In Medieval England, a Jewish gentleman by the name of Mordecai once did a favor for the king. The king decided, against all tradition, that he would like to reward Mordecai by knighting him. The king asked one of his courtiers to instruct Mordecai in all of the etiquette and ritual that will be required of him for the knighting ceremony.
The courtier and Mordecai spent weeks preparing for the ceremony. Mordecai learned all of the Latin phrases he would need to speak and practiced them morning and night. When the courtier was satisfied, he returned to the king and told him that they were ready for the knighting ceremony.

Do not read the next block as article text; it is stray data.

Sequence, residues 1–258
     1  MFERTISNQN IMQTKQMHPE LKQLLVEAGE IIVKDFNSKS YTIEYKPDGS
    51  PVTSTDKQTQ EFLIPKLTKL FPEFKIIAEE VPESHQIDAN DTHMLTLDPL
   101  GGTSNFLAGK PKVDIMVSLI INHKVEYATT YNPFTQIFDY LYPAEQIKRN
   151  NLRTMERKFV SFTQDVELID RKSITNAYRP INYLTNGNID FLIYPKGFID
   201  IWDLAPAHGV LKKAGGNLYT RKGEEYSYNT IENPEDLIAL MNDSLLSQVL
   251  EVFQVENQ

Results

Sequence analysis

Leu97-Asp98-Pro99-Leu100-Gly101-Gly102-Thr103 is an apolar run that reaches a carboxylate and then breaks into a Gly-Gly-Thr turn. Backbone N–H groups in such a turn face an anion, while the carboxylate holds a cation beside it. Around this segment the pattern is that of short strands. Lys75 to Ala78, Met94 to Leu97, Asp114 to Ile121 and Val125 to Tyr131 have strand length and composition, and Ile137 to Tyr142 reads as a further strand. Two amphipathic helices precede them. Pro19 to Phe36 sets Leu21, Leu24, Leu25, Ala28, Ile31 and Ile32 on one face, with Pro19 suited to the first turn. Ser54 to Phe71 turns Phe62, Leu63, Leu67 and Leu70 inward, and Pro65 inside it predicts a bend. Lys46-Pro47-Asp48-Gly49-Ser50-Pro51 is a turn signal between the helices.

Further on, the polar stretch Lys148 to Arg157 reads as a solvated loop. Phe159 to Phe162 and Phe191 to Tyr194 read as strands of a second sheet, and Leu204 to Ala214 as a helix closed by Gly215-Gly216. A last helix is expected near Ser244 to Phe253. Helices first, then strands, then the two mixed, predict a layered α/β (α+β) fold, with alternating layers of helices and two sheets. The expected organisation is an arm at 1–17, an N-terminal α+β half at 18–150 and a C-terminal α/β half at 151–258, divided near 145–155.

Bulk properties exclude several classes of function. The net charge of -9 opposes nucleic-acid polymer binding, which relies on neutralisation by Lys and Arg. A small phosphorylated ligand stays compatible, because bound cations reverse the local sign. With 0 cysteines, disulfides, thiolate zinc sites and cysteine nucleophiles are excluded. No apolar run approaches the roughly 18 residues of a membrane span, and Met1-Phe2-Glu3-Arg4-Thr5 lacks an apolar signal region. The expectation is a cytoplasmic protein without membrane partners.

Mordecai spent the night before the ceremony in contemplation, as tradition demands. He became more and more nervous about the whole thing, sure he would forget something important.
In the morning, the courtier came for him and brought him before the king.
As Mordecai knelt before the king, everything he had learned over the last few weeks flew out of his head from nervousness and lack of sleep. When the king instructed Sir Mordecai to rise, Mordecai knew there was something he was supposed to say. But his mind was blank.
Finally, he blurted out the only phrase in a foreign language that came to mind: "Mah nishtanah halailah hazeh mikol haleilot?"
The king turned furiously to his courtier, who was supposed to have instructed Mordecai in the proper rituals, and demanded to know, "Why is this knight different from all other knights?!"